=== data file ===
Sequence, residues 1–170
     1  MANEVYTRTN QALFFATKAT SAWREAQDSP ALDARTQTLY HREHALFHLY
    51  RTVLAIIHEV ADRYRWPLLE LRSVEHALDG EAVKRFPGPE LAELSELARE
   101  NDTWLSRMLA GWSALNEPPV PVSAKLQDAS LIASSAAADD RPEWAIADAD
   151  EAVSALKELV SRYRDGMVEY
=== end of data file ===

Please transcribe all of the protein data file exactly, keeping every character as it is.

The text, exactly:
Sequence, residues 1–170
     1  MANEVYTRTN QALFFATKAT SAWREAQDSP ALDARTQTLY HREHALFHLY
    51  RTVLAIIHEV ADRYRWPLLE LRSVEHALDG EAVKRFPGPE LAELSELARE
   101  NDTWLSRMLA GWSALNEPPV PVSAKLQDAS LIASSAAADD RPEWAIADAD
   151  EAVSALKELV SRYRDGMVEY